Weekend Reading: Human Leverage, Alan Kay, and Mapping the NBA
Automation is penetrating every industry, but still heavily reliant on human behavior and feedback to make it effective. In this piece, Benedict Evans talks about identifying the point in a workflow where the optimum point of leverage sits for human interaction:
This means that a lot of the system design is around finding the right points of leverage to apply people to an automated system. Do you capture activity that’s already happening? Google began by using the links that already existed. Do you have to stimulate activity in order to capture the value within it? Facebook had to create behaviors before it could use them. Can you apply your own people to some point of extreme leverage? This is Apple Music’s approach, with manually curated playlists matched automatically to tens of millions of users. Or do you have to pay people to do ‘all’ of it?
This is a great account of an extended conversation with computer scientist Alan Kay. It’s amazing how certain brains can be on such a higher level than the rest of us.
For the few computer idealists among us, we are so lucky to have the legacy left to us by Vannevar Bush, J.C.R. Licklider, Douglas Engelbart, Alan Perlis, John McCarthy, Edsger Dijkstra, John Backus, Ivan Sutherland, and Alan Kay. And those are just some of the names I personally know – I am now ashamed I don’t know more of our history. It’s hard to imagine now because they were so effective, but so much of our world’s computing prosperity today is due to these people. They imagined the computer as a personal device, a communications device, a device to lift off the burden of tedious mental tabulations. Douglas Engelbart imagined a tool that would aid humanity in dealing with the increasingly-complex problems it faces around the world. We’ve only seem a glimpse of that vision, but we need it now more than ever.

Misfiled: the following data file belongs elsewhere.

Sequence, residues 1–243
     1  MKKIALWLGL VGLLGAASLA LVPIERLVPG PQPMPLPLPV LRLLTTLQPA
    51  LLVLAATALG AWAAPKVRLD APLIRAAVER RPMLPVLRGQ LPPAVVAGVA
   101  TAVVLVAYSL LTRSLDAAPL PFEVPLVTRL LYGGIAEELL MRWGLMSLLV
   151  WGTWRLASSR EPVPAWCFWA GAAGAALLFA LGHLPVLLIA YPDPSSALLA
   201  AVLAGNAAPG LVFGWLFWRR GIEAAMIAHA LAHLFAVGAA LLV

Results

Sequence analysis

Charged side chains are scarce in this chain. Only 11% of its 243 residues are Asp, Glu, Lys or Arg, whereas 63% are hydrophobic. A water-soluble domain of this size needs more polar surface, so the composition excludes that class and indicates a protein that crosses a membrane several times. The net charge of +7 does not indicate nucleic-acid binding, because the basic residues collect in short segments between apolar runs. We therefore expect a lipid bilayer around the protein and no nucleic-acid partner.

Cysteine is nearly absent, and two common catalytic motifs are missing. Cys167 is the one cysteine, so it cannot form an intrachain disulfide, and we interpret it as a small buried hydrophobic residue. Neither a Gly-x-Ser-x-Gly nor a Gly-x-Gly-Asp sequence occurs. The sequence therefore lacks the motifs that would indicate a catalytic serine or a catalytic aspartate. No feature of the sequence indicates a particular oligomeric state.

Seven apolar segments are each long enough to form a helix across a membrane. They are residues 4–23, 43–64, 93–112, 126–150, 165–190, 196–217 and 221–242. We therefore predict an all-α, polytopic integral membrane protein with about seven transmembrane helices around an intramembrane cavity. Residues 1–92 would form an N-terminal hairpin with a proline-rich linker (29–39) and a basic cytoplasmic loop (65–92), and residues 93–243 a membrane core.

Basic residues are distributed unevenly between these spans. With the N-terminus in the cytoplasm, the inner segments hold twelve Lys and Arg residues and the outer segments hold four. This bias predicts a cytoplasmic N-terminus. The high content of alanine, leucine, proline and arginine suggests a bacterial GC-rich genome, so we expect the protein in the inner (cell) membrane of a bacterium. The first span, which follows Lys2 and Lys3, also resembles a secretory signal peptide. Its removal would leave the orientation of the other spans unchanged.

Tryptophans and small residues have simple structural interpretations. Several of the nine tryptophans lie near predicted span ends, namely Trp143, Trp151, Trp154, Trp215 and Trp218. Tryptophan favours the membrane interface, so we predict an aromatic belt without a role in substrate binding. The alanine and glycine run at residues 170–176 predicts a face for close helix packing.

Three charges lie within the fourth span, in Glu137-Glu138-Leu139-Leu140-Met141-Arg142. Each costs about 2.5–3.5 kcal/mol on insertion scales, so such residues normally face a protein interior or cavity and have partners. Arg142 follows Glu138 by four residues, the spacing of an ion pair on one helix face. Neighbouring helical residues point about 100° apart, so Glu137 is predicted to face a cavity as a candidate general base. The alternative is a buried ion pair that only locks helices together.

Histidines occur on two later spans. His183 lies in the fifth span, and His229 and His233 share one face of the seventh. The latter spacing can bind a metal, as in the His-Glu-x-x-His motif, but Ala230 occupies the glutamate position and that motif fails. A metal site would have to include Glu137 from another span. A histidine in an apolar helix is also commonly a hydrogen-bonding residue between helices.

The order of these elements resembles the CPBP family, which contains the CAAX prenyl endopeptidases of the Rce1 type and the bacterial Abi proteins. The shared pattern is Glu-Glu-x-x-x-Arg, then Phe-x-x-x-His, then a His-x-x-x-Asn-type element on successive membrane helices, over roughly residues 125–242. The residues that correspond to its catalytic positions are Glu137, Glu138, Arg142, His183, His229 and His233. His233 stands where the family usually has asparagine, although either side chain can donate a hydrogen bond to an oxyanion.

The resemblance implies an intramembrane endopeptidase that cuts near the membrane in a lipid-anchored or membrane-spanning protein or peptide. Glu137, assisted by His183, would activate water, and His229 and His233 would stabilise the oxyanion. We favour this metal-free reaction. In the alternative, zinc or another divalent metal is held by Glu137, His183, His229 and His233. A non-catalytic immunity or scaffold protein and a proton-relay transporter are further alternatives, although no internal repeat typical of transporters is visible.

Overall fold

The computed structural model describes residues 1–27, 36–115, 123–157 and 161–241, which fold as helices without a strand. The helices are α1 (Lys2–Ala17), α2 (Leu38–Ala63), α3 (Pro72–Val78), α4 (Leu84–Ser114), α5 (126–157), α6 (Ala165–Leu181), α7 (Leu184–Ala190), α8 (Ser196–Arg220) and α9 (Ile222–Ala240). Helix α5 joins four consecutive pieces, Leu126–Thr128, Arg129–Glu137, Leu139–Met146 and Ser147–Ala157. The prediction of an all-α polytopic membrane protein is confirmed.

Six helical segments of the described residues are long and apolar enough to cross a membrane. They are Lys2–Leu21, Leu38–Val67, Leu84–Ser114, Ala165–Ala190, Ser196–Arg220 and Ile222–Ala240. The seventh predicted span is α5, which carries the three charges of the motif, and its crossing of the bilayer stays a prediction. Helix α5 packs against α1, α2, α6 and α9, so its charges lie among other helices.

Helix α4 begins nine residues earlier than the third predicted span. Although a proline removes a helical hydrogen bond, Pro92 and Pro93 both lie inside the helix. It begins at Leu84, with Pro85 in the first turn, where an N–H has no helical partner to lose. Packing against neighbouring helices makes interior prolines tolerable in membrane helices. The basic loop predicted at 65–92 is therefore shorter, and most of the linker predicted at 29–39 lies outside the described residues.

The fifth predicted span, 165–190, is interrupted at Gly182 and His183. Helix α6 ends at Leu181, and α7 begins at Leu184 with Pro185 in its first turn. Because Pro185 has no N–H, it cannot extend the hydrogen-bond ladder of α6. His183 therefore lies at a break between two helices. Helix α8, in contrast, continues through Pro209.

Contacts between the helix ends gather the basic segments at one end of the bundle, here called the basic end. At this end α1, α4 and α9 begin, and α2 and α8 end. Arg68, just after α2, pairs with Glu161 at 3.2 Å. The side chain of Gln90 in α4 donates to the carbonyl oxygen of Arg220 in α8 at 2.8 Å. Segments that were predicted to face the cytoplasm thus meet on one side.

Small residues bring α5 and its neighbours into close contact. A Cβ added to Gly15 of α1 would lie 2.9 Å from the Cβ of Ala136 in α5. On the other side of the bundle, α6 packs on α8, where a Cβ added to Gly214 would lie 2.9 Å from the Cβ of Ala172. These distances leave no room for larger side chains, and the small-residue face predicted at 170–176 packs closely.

So practically, what does this mean for me? Alan also said at lunch that one problem young people make is “having goals.” It’s too early to have goals that “consume one’s horizons,” because young people don’t even know what they don’t know. I think this kind of epistemic modesty is a great idea. I can probably benefit from shifting the focus from my overly-specific goals to “more meta” goals, such as becoming “educated” in a broader sense than I previously thought was possible. The more perspectives I can acquire, the better I’ll be at not fooling myself, and the more I’ll be able to appreciate the richness of the world.
Kirk Goldsberry’s new book Sprawlball looks fascinating, covering his work on basketball analytics and his famous hexbinned shot charts showing how the game has changed in recent years. But most folks that have followed his ESPN career probably don’t know about his background in geography and mapmaking:
At its heart, “SprawlBall” is a book of maps. It’s a geography book.
During his junior year at Penn State, Goldsberry took an introduction to cartography class on little more than a whim. “I remember the census data and this software [Graphic Information Systems] that basically links databases to maps,” he said. It was this perfect balance of art and science, and I devoted the next 15 years of my life to it.”
He switched his major, got a cartography degree and then moved to Washington to make flood maps for the Federal Emergency Management Agency. After a stint working for a software mapping company in Maine, Goldsberry got his master’s and PhD at UC Santa Barbara, focused on the intersection of computer graphics data visualization and cartography.